The Health Benefits of Red Wine

The health benefits of red wine - drinking red wine, in moderation, can not only be pleasurable but good for your health as well. The practice of drinking wine with meals has been with us since ancient times. The Greeks and Romans were used to drinking wine on a regular basis, and the grape vines and the wines produced, were revered, suggesting that even then men had an inkling of the health benefits of drinking wine.

It is now generally accepted by health experts and even governments that drinking one to two glasses of red wine a day is beneficial to heath.

The main reason for this is the high level of antioxidants contained in red wine, which help to prevent the oxidation process in which reactive particles known as “free radicals” cause damage to healthy cells.

The health benefits of red wine have been noted particularly in helping to cut the incidence of heart disease, cancer, and inflammation in the body, as for example, in chronic lung disease.

A study comparing French and German red wines concluded that French red wines offered a greater health benefit due to their higher level of antioxidants. This may account for the "French paradox" where studies have shown that in areas of France where the diet is high in fat, those that drink red wine with meals have a lower incidence of heart attack than those on a similar diet in other parts of the world. It appears that the adverse effect of high dietary fat is more than offset by the health benefit of red wine consumption. The key ingredients associated with the health benefits of red wine are antioxidants such as resveratrol and other polyphenols, flavonoids such as catechin, and saponins.

Studies have indicated that, as well as defending against free radicals, polyphenols like resveratrol, can increase the activity of a family of enzymes called sirtuins, and this may have a beneficial effect by slowing the process of ageing.

Polyphenols are found also in olive oil, which, along with red wine, is one of the mainstays of the Mediterranean diet, known to be linked with health and longevity.

Resveratrol is also known as a phytoestrogen, a plant derived substance with properties similar to those of estrogen. Due to this similarity, phytoestrogens are able to bind to estrogen receptors in the body, acting like naturally produced estrogen. This means that consumption of red wine may benefit certain conditions associated with a decrease in natural estrogen like menopause, breast cancer, osteoporosis, and cardiovascular disease.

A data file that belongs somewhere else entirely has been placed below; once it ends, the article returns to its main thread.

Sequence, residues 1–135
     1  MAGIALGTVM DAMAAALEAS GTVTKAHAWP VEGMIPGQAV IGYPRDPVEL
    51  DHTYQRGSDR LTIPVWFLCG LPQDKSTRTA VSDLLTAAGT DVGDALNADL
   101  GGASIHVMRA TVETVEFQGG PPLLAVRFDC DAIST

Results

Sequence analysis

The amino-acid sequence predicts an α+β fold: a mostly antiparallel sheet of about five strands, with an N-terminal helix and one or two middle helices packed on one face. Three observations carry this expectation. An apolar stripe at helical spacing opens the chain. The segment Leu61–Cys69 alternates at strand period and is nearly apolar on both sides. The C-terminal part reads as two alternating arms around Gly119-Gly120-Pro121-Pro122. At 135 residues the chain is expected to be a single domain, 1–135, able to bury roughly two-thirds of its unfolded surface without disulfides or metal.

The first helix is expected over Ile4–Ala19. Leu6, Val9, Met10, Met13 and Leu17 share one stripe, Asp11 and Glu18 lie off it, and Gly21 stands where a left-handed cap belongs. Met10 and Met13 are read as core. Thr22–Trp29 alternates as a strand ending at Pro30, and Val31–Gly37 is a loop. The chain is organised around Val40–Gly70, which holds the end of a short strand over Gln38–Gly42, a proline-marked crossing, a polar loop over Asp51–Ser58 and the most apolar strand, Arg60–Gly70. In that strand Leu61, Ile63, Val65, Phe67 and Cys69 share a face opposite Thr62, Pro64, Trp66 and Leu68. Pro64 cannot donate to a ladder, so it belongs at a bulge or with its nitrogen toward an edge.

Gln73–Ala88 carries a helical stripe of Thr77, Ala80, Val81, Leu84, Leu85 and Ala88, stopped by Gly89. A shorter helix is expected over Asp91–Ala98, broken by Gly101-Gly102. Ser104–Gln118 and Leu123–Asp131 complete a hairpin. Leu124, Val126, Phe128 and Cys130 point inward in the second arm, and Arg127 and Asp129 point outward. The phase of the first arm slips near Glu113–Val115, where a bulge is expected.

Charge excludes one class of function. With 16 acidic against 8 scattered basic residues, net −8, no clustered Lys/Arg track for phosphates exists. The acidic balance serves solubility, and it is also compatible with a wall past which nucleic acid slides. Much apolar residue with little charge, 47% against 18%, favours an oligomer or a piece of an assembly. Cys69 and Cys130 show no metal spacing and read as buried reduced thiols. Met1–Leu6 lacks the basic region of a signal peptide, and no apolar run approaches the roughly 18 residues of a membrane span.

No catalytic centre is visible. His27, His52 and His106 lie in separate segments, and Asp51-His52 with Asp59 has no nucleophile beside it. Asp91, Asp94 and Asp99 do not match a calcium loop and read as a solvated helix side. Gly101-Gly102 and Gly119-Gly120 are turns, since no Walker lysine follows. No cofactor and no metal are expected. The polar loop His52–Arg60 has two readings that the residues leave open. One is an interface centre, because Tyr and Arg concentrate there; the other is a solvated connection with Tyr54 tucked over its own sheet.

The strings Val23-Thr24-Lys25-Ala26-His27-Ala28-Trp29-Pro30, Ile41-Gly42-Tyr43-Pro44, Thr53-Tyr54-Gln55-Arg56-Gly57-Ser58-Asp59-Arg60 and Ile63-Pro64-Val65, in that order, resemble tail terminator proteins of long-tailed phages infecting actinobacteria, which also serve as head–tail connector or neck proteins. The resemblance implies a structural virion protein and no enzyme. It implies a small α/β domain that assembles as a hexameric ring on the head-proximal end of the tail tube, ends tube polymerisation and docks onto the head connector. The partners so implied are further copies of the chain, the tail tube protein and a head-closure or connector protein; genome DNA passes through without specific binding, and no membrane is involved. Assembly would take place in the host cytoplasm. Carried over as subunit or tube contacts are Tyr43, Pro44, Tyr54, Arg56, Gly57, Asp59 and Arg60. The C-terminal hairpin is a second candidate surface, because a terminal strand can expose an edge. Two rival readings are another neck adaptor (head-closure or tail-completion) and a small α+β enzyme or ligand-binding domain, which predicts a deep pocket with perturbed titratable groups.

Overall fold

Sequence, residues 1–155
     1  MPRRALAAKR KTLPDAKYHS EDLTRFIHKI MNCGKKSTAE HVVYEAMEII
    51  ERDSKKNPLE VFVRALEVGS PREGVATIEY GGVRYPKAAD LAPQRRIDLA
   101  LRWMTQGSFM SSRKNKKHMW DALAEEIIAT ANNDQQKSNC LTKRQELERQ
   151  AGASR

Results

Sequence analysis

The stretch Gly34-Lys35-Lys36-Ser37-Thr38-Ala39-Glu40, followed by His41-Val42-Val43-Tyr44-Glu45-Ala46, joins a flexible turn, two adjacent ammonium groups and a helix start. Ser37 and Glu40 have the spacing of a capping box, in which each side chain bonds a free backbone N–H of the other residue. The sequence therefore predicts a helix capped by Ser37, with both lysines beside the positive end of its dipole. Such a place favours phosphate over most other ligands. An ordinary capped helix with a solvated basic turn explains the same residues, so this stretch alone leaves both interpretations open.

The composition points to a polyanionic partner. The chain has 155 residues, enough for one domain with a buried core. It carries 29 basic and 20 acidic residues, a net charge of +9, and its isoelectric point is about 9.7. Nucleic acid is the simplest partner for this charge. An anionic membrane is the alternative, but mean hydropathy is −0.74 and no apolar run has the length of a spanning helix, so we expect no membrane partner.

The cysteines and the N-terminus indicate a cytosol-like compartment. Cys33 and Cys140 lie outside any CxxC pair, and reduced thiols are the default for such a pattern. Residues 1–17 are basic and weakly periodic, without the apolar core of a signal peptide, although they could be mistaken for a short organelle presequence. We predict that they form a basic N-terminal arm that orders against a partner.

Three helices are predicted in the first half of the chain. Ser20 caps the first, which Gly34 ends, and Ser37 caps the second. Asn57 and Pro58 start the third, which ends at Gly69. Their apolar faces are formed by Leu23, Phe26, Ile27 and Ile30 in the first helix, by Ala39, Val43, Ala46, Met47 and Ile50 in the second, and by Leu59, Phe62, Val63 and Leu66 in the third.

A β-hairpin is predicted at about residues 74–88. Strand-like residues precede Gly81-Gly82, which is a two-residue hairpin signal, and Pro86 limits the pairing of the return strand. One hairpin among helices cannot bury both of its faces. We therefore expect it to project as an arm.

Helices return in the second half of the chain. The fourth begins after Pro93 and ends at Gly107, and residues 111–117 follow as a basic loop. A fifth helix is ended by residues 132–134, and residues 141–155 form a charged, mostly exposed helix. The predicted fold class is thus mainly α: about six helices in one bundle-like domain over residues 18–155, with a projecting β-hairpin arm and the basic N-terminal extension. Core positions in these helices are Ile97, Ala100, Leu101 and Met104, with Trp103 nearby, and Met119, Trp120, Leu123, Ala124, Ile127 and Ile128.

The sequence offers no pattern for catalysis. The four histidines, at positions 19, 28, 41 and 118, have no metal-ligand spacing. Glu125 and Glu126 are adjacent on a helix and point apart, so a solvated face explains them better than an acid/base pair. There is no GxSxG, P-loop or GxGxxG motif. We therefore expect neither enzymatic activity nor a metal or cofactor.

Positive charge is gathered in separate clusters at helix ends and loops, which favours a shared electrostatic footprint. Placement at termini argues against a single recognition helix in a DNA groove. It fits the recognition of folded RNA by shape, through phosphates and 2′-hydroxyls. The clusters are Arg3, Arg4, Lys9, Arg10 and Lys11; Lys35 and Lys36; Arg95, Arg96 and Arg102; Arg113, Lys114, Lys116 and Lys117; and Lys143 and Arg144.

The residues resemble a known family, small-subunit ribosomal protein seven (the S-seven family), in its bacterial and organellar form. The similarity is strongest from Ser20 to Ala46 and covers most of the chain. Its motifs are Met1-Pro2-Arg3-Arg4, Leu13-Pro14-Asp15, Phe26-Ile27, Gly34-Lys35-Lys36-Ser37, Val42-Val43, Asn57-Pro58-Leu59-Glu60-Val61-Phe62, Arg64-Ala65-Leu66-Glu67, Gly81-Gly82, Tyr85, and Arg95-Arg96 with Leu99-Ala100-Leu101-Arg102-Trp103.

One of the antioxidants associated with the health benefits of red wine is catechin, which occurs in several varieties and which is also found in green tea.

Catechins are thought to reduce the risk from four of the major health problems: stroke, heart failure, cancer, and diabetes. They have been associated in studies with reduction of atherosclerotic plaques or "furring up" of arteries. This effect is probably related to the raising of HDL cholesterol ("good" cholesterol) levels, and the lowering of LDL ("bad" cholesterol). They have been shown to help protect the skin from ultraviolet radiation and cancer, and also in reducing potentially damaging histamine-related local immune responses.

great taste no pain

A recent study has suggested that drinking red wine may help protect against colds and herpes infection. A year long study of 4,000 volunteers concluded that people who drank two or more glasses of red wine a day had 44% fewer colds than those who drank no red wine. Other studies have indicated that there may be red wine health benefits related to preventing Alzheimer’s disease and dental caries.

The accumulated evidence would almost suggest that red wine could be marketed as a health drink to be consumed in moderation. Some varieties like Cabernet Sauvignon, Petit Syrah, and Pinot Noir, are thought to be particularly high in flavonoids and therefore most beneficial. White wines have the skins of the grapes removed at an early stage in their production, and therefore have a much lesser content of beneficial substances.

There seems little doubt that there are significant health benefits from drinking red wine in moderation, and one should not therefore, feel guilty about enjoying a glass or two with a good meal.

Learn more about Red Wines.
Learn more about White Wines.
Read in-depth information about Resveratrol here.

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